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NYC doughnut shop allegedly discriminates against pregnant woman

| Jan 15, 2015 | Wrongful Termination |


Under both federal and New York state laws, women are to be afforded the same opportunities in the workforce as men. However, despite the law and efforts of state officials to ensure adequate representation and opportunity, some companies still fail to recognize the value of women in the workplace, and some even trample women’s labor and civil rights. This is exactly the allegation behind a recent lawsuit filed by a former female employee against a doughnut business on New York City’s lower east side.

According to the woman’s unlawful discrimination lawsuit filed last month, in 2012 she was demoted twice and then ultimately fired after informing her superiors about her pregnancy. She had been with the doughnut company for more than a year, had been promoted to personnel manager and was overseeing two store locations. After she informed her employer of her pregnancy, she says, she was demoted from salaried to hourly employee and told to look after just one store. The woman claims she was reprimanded for not completing certain tasks despite not being responsible for those duties after her demotion.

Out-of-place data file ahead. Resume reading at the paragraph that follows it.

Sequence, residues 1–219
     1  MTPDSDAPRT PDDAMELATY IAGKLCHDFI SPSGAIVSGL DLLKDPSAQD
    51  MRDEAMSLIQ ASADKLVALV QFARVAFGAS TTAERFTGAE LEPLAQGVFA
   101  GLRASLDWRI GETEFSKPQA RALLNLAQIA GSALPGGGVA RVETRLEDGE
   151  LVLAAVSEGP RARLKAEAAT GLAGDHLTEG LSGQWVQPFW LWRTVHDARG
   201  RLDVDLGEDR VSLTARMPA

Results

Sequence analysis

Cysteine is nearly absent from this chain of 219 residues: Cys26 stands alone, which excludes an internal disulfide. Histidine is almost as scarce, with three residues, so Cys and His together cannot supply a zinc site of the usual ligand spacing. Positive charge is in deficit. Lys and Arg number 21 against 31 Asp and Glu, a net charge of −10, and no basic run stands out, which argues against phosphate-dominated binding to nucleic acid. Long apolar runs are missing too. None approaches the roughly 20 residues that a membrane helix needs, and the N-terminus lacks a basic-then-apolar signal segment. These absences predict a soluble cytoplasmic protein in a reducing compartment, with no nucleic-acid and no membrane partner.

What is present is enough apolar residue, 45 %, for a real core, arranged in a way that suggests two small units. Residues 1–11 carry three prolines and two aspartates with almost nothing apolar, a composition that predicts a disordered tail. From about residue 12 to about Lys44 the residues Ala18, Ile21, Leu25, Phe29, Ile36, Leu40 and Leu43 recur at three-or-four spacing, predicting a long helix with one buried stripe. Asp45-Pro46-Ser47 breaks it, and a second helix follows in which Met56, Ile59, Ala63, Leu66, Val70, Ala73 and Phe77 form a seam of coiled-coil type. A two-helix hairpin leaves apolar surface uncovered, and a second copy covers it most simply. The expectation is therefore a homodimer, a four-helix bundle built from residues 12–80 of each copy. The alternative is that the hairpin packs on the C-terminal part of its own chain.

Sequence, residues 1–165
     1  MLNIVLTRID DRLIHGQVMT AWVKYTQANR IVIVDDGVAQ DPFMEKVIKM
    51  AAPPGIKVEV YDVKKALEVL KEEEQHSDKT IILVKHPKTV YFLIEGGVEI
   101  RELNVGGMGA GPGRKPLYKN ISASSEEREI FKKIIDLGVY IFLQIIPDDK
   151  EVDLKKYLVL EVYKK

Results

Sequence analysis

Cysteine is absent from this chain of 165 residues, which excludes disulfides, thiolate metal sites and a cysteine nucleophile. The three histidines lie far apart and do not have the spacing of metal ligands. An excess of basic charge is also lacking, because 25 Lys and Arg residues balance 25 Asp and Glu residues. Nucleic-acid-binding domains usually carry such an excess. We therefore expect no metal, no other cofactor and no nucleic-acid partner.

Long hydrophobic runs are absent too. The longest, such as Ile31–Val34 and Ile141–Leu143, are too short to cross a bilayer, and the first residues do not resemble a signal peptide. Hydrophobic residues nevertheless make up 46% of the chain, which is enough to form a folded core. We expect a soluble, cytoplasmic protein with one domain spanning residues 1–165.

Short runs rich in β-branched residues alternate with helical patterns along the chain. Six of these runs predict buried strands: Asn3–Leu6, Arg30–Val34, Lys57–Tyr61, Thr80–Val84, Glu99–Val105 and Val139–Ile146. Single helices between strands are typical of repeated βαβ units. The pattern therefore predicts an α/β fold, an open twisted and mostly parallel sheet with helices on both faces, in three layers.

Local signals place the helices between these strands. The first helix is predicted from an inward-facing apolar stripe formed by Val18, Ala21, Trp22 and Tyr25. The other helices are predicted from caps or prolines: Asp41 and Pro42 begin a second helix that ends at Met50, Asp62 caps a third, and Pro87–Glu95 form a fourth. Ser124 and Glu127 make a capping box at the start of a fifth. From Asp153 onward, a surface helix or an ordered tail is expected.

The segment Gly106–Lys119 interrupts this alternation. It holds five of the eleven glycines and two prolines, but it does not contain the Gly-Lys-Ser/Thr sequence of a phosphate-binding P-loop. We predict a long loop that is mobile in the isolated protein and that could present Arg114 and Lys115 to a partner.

Just before her maternity leave, she was fired. Her lawsuit is seeking compensation for physical and emotional damages as well as reinstatement. The doughnut shop, on the other hand, asserts that it firmly adheres to all laws regarding pregnant employees. It described its employee polices as family friendly and fair.

Any form of wrongful termination-including outright discrimination and retaliation-is a serious violation of state and federal labor laws and infringes on employees’ civil rights. Although employers have the right of at-will termination, they cannot make such decisions based on several prohibited categories, including race and sex. New Yorkers who experience such termination may need the guidance of a law professional to protect their rights from being violated.

Source: The Daily Meal, “Doughnut Plant Employee Says She Was Demoted, Then Fired for Being Pregnant,” Karen Lo, Dec. 30, 2014